(Please click on an image to enlarge the photograph.)

This eight foot wide new addition, in the footprint of an historic porch, now mirrors the existing wing on the other side of the house to add symmetry to the Federal house.  Additionally, it offers space for a bar, half bath, mudroom and staircase to the finished basement.  The double paned Marvin windows offer nice views of the lake and south yard, allow large amounts of sunlight to warm the house in winter, and large breezes to enter in the summer.  The new addition also insulates the large, historic living room.  The honed marble floors conceal efficient radiant heat, and the customized bar cabinet is recessed into the area where an exterior window once stood.  Recycled PaperStone tops the bar area and half bath vanity down the hall.


 

(Please click on an image to enlarge the photograph.)

This 1823 home took five years for the Emmet Carter team to restore.  The back ell of the house had been cut off by a previous owner who wanted less space in the home.  This left an interior wall posing as an exterior one for decades.  A poorly constructed north additon upset the classical symmetry of the house so it was re-built and another matching wing was added on the south side for balance, and to create needed space for  a mudroom, bar and new basement stairs.  A rear screened porch with upper deck off the master bedroom added some needed dimension to the rear of the home and offered two new lovely areas for relaxing.  The screened porch also has glass panels that replace the screens for all-year enjoyment.  The huge, hand-cut historic stones that marked the end of the cut-off ell (and served as its former foundation) now serve as a stone wall surround to a rear wood deck (in the former ell footprint).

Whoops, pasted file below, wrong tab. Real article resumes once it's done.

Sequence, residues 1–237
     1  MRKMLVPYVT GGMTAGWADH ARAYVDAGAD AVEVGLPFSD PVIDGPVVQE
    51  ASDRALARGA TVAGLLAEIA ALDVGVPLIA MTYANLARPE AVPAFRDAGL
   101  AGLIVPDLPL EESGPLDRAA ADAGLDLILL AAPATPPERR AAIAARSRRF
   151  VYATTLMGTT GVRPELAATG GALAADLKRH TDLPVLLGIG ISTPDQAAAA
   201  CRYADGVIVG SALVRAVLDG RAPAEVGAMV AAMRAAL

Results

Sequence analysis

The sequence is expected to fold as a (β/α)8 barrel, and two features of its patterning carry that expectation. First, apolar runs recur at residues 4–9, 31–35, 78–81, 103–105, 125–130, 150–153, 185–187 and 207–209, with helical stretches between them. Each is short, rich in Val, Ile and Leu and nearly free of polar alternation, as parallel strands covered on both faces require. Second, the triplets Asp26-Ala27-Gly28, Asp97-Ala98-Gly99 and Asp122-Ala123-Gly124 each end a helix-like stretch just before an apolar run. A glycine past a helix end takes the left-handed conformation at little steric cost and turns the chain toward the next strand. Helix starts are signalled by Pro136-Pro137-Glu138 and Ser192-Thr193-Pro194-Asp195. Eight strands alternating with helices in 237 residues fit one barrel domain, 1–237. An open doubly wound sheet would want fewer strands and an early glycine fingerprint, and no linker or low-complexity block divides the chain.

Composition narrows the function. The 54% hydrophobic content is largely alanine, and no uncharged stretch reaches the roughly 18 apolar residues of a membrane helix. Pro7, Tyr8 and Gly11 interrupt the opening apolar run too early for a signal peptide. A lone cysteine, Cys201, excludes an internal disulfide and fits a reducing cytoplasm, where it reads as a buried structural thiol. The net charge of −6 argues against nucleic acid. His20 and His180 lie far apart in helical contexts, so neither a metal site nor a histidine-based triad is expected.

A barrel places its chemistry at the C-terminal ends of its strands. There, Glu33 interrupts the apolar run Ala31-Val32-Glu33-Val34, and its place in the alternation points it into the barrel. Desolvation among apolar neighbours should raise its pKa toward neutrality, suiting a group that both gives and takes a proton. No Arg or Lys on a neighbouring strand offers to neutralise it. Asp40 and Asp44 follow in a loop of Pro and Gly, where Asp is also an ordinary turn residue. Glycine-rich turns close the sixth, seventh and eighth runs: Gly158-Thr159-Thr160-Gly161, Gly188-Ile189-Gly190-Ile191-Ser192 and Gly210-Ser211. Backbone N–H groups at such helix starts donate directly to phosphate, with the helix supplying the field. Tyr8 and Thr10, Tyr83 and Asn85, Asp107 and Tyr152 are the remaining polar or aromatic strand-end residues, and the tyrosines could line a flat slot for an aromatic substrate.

(Please click on an image to enlarge the photograph.)

This charming c. 1900 Arts & Crafts/Queen Anne residence was slated for demolition until the Emmet Carter folks decided to buy it and save it.  This charming residence is an exemplary fusion of classic architectural details and 21st century green contemporary lifestyle. All the original woodwork and windows were saved but the plumbing, electric, and all the inner workings were replaced.  Molded walls from years of entering rain were banished while quiet, textured fabrics and furniture and simple hand-made, non-toxic finishes allow the house’s simple, elegant character to shine.


 

(Please click on an image to enlarge the photograph.)